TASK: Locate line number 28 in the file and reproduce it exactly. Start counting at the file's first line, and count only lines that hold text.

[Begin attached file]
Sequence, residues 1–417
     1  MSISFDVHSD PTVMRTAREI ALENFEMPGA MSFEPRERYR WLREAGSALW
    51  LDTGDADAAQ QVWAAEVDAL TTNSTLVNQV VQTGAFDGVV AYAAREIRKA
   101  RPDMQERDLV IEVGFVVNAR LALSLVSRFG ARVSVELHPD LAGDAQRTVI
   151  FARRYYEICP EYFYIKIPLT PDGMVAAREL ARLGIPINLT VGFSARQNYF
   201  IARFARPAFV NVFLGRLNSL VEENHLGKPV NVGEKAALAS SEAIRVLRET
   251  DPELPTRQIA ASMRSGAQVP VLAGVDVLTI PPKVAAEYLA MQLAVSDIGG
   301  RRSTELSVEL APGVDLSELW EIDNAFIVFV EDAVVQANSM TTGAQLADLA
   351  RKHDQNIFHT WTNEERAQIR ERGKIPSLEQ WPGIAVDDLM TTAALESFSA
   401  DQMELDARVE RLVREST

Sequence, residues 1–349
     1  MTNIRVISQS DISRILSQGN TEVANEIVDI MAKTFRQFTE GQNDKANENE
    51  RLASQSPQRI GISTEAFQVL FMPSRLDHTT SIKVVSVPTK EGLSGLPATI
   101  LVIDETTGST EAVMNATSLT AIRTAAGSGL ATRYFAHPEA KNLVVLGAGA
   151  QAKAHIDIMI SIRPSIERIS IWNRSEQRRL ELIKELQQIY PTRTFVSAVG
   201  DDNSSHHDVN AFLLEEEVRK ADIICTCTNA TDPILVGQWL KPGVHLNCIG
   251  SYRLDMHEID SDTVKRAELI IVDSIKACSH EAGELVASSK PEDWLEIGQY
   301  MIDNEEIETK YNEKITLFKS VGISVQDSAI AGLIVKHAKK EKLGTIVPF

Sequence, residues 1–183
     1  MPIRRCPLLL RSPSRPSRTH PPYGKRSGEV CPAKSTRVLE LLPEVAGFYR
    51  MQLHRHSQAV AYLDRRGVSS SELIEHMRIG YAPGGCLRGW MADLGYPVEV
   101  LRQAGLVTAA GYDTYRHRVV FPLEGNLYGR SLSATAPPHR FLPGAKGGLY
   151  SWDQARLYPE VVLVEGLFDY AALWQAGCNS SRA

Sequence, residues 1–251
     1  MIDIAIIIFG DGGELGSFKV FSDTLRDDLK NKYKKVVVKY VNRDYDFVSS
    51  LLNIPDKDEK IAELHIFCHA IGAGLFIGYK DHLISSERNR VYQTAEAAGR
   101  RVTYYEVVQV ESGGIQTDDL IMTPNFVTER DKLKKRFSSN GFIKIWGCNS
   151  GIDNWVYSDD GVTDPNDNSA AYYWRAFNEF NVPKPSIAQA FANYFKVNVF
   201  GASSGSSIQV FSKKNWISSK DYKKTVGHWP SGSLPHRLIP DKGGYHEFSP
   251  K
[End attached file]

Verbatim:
   151  GIDNWVYSDD GVTDPNDNSA AYYWRAFNEF NVPKPSIAQA FANYFKVNVF